# Geometry of Surfaces

Part of the Universitext book series (UTX)

Part of the Universitext book series (UTX)

Geometry used to be the basis of a mathematical education; today it is not even a standard undergraduate topic. Much as I deplore this situation, I welcome the opportunity to make a fresh start. Classical geometry is no longer an adequate basis for mathematics or physics-both of which are becoming increasingly geometric-and geometry can no longer be divorced from algebra, topology, and analysis. Students need a geometry of greater scope, and the fact that there is no room for geometry in the curriculum un til the third or fourth year at least allows us to assume some mathematical background. What geometry should be taught? I believe that the geometry of surfaces of constant curvature is an ideal choice, for the following reasons: 1. It is basically simple and traditional. We are not forgetting euclidean geometry but extending it enough to be interesting and useful. The extensions offer the simplest possible introduction to fundamentals of modem geometry: curvature, group actions, and covering spaces. 2. The prerequisites are modest and standard. A little linear algebra (mostly 2 x 2 matrices), calculus as far as hyperbolic functions, ba sic group theory (subgroups and cosets), and basic topology (open, closed, and compact sets).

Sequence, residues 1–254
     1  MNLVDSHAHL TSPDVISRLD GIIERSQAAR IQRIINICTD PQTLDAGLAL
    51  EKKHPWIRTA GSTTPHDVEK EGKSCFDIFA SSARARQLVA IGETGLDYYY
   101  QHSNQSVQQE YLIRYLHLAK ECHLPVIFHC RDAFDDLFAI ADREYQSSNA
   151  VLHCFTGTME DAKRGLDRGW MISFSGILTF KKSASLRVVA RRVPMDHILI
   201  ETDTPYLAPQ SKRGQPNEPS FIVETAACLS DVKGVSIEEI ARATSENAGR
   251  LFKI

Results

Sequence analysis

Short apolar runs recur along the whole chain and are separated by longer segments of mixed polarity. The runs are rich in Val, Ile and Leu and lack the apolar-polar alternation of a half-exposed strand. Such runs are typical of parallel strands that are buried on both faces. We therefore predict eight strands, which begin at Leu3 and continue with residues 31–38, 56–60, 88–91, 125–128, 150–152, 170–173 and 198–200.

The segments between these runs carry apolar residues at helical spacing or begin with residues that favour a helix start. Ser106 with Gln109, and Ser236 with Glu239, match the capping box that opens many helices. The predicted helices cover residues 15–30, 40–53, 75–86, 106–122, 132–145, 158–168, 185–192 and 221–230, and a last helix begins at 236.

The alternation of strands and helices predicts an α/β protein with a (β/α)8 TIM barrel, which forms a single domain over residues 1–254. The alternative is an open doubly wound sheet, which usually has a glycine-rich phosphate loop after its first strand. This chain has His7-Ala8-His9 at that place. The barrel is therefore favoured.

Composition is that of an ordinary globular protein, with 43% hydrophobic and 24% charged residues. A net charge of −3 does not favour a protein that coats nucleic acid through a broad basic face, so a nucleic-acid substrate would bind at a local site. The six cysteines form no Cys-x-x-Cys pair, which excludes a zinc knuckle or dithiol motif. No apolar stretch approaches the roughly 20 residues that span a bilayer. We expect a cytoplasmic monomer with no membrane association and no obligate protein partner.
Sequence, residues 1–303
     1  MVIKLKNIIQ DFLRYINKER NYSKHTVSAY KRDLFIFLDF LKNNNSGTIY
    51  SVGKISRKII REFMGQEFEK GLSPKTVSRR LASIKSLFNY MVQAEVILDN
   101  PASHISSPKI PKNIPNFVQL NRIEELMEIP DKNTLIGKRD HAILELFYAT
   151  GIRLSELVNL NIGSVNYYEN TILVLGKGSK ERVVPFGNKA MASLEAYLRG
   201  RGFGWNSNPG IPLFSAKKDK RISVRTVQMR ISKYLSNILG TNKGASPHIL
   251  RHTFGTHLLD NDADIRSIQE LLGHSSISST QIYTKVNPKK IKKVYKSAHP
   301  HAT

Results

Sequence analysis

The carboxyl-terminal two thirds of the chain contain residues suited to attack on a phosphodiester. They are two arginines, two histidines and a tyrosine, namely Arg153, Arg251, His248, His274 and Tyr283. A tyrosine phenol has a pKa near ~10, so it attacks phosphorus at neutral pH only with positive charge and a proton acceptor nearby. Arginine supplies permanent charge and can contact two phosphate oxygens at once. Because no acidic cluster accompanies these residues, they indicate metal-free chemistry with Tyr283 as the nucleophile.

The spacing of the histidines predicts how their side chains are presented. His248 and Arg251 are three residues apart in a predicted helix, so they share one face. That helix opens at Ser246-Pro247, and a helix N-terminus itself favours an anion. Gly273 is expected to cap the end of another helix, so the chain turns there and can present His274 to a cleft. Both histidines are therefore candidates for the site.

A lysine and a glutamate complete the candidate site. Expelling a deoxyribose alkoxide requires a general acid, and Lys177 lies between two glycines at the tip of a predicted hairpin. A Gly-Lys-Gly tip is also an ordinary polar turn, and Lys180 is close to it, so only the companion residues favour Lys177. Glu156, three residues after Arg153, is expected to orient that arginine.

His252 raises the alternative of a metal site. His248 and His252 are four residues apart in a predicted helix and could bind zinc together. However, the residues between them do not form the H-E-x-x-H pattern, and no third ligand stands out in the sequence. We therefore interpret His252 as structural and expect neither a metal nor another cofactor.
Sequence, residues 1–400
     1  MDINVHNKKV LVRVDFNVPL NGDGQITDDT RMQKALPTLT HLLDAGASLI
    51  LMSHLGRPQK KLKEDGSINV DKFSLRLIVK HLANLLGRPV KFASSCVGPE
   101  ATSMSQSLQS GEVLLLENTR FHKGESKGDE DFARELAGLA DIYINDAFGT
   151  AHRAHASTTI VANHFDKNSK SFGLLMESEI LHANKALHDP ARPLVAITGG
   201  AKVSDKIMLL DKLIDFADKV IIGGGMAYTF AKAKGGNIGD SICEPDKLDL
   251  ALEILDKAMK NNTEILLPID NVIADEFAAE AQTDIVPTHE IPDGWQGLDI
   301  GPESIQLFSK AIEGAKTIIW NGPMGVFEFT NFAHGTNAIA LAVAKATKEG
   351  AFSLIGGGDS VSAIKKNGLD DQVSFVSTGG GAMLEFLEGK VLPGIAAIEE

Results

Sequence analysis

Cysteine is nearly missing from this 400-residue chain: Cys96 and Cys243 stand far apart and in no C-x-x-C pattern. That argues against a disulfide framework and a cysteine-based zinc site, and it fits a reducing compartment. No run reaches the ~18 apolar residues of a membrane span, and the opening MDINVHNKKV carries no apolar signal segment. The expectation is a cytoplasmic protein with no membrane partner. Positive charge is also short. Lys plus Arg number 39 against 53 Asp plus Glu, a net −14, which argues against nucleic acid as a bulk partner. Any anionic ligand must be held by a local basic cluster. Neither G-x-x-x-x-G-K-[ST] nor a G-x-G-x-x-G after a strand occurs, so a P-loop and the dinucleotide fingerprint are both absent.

Area Fractal curvature differential geometry manifold polygon

- DOI https://doi.org/10.1007/978-1-4612-0929-4
- Copyright Information Springer-Verlag New York, Inc. 1992
- Publisher Name Springer, New York, NY
- eBook Packages Springer Book Archive
- Print ISBN 978-0-387-97743-0
- Online ISBN 978-1-4612-0929-4
- Series Print ISSN 0172-5939
- Series Online ISSN 2191-6675
- About this book

- Industry Sectors
- Aerospace
- Oil, Gas & Geosciences